The introduction of automatic procedures also allows a high degree of reusability of the tests, which, following any change in the product, will only have to be modified marginally.
This is the case, for example, of regression tests.
The implementation also takes into account the documents related to the previously defined execution procedures, which indicate the way in which the tests must be performed.
Such documents can obviously be modified during this phase, in the event that complications arise in the implementation of the procedures or when more appropriate solutions are identified.
At the end of the implementation, the individual tests carried out are often inserted into one or more “test suites”, or test collections.
A test suite is a structure capable of launching the execution of all the tests it contains, without having to recall them one by one.
Assigning test groups homogeneous to the same test suite also offers the possibility of structuring and ordering tests more efficiently.
Once the test suites have been implemented, this phase can be considered complete, but at the end of it the technical documentation of the realized code is usually generated.
This document, commonly called “API specifications” (Application Programming Interface), presents the set of procedures created by the developer through an abstraction.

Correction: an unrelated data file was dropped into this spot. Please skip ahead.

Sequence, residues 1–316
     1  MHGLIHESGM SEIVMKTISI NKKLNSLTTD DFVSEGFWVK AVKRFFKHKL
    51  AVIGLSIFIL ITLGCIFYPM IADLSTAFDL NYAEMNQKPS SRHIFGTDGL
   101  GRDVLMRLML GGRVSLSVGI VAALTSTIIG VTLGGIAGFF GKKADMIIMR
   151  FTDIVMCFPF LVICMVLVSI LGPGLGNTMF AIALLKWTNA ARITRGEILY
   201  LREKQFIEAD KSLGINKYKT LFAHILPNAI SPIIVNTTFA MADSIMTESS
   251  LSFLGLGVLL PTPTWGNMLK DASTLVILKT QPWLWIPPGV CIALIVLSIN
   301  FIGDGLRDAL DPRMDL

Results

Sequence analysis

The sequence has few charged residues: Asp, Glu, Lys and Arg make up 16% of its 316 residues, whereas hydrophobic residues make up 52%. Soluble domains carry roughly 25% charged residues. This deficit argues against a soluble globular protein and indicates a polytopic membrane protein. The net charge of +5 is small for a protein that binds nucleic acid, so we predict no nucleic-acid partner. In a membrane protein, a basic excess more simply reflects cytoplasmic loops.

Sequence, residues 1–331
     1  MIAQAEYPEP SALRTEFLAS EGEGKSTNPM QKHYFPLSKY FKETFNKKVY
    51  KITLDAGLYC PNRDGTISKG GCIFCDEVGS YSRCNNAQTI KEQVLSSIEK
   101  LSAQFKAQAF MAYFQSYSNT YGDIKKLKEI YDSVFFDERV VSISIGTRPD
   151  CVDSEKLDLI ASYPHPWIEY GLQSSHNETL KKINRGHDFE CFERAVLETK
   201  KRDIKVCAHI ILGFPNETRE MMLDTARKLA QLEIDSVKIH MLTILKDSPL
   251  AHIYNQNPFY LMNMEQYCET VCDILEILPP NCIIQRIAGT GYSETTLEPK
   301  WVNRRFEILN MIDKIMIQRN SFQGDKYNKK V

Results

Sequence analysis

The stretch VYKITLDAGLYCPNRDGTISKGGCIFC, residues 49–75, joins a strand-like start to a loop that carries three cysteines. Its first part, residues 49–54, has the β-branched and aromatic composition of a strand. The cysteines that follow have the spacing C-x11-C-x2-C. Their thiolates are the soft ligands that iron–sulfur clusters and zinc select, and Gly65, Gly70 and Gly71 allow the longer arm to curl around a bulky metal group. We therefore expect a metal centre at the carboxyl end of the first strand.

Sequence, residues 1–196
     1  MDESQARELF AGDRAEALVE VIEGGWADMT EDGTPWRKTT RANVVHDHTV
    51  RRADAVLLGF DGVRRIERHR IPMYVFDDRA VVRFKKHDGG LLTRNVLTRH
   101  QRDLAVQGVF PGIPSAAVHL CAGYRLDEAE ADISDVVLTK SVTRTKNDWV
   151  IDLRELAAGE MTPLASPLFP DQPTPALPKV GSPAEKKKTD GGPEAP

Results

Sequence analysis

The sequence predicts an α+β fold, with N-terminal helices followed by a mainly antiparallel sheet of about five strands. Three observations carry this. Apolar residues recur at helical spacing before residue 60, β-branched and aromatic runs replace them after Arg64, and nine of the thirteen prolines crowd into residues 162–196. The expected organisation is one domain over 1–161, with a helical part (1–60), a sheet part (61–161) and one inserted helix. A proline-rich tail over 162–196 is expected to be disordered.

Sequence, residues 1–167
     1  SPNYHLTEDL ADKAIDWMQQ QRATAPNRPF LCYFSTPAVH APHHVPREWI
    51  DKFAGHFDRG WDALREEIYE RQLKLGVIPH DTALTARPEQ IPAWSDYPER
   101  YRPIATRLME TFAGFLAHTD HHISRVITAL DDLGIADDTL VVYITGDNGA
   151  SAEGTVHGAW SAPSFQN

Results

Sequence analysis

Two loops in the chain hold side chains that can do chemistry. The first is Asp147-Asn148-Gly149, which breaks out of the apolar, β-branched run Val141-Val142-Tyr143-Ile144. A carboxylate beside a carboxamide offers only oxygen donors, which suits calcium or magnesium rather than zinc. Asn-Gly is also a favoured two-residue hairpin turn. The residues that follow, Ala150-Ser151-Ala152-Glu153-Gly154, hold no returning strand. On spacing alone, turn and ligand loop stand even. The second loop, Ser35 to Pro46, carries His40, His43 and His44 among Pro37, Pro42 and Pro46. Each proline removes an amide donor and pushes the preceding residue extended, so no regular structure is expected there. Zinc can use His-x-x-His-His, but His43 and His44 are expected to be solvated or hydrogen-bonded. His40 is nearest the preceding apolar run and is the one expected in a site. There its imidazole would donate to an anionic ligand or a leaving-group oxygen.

This type of documentation is particularly important to understand the functioning and structure of test cases, to understand any errors and exceptions raised during their execution, to analyze the results obtained and in the debugging process.
In fact, at the end of the implementation phase the tests will be performed, evaluated and analyzed in detail.
Test execution and evaluation
At the end of the implementation and after setting up the necessary configurations and test environments, the tests can finally be performed.
Usually it is sufficient to execute one or more test suites containing all the tests implemented for the application.
Each test case launched can lead to three results: overcoming, failure, or an error during the execution of the test.
When all the conditions specified for passing a test case indicate that exactly the expected results have been obtained for each input provided, the test will be successfully passed.